For me, as an artist who is also a mother, I am often on the lookout for ways to invite my kids to join me in interacting with art of all types. More and more, I am learning the value of experiencing something as a family that is brand new to all of us, not just the kids. I find that my kids – each of whom have wildly different attention spans and artistic interest levels (ages 13, 10, 8 and 5) – will engage more with me when they don’t feel like I’m coming at them as an expert on something (life lesson, anyone??). Modern art is an ideal medium to engage with kids. We can pop over to the Art Institute and marvel at Seurat in the Impressionist wing, or stand like ants beneath the Renaissance masters, but inevitably the contemporary stuff immediately engages my 21st century (iGen, is it?) babies.
Housed at Chicago’s Museum of Contemporary Art, the Murakami (b. 1962) exhibit, The Octopus Eats Its Own Leg*, opened surprisingly simply: a blue velvet curtain with a single star gave way to a series of three small square panels in solid red, yellow and blue. Immediately, my oldest son chimed in with, “Wait a minute. What is this stuff? I could paint that! This stuff is in a museum!” My daughter offered, “this curtain is like in a play before it starts.” Aha. Yes. Good! They asked me what I thought, and I offered that I wasn’t exactly sure, but if I had to guess, I would say he is bringing us to a simple starting point — building expectation, excitement. I was learning/guessing/processing right alongside them.
Those primary colors and curtain were a genesis to the exhibit and indeed, Murakami’s whole career. Powerful opening, really.
As we wandered through the rooms, Murakami brought us from those simple elements to masterful and complex intersections of modern and ancient, Eastern and Western, high + low art. What he does is nothing short of masterful.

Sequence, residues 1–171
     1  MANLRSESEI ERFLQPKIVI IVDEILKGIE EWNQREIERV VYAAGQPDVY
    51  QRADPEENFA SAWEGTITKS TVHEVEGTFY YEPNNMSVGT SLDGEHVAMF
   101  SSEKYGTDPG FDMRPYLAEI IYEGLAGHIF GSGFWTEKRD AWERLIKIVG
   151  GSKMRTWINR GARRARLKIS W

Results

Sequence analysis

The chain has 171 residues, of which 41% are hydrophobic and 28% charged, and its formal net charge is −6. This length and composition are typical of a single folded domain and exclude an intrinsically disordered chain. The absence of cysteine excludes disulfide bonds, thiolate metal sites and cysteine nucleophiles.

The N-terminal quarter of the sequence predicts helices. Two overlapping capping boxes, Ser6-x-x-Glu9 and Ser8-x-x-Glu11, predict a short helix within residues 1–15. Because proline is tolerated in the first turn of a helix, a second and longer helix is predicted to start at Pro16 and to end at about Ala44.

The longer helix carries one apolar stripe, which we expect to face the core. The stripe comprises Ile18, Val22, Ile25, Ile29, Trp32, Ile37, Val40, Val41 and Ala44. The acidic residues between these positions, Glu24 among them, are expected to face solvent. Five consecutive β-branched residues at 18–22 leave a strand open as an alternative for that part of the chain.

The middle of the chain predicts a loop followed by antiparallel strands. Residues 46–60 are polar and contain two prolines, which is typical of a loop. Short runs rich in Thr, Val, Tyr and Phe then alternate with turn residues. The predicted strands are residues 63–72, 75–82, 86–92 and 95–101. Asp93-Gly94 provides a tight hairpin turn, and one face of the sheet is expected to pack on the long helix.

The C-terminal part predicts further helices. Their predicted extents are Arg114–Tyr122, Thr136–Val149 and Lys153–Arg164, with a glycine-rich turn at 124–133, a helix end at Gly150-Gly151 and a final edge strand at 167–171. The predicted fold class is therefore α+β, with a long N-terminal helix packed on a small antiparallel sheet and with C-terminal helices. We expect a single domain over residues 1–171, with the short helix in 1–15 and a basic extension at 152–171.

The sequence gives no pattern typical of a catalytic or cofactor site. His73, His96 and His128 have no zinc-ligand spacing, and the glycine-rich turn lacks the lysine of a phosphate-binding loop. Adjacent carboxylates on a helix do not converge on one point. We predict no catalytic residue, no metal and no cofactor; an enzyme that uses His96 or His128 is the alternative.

The exhibit continued to open up into room after room of what Murakami is really known for; his “superflat” style, noisily intersecting traditional high art with flashy commercialism. This can be seen in his collaborations with Kanye West (“Graduation” cover), Louis Vitton, Pharrell Williams (“It Girl” video).
The earlier works show genesis and development of recognizable characters like Mr. DOB, the trippy Kaikai Kiki flowers (my daughter’s favorite), into a mid-career phase of abstraction.
These were my favorite pieces. Incredible color, scale and development. The piece we hung out the longest on together was 727 (1996). Mimicking Japanese screen paintings, the piece shows Murakami’s beloved Mr. DOB as a time traveler traversing Asian art history. The kids didn’t need any help from me to see what it was trying to do.
Murakami’s later works come away from the playful characters of earlier works and instead explore topics of death and spirituality; particularly the legend of the arhats — a band of Buddhist monks who roamed the land in an effort to heal and comfort people. My most empathetic 10 year old was particularly taken with the pieces in this series, lingering and studying each one closely. They spoke to him.
Perhaps the thing that stood out the most to me about the aptly-named The Octopus Eats Its Own Leg exhibit was this relentless sense of self-discovery and reinvention. Murakami shows us his process—one that isn’t afraid to ask questions, to learn and reevaluate direction and to change. His looking forward never loses sense of what came before. If only the same could be said of each of us!
*”The Octopus Eats Its Own Leg comes from a Japanese folk saying that hints at this process of regeneration and reflects a biological fact: an octopus in distress will chew off a damaged leg to insure survival, knowing that a new one will grow in its place. Similarly, Murakami often feeds off his own work and Japanese history in order to explore our contemporary world.” – from the exhibit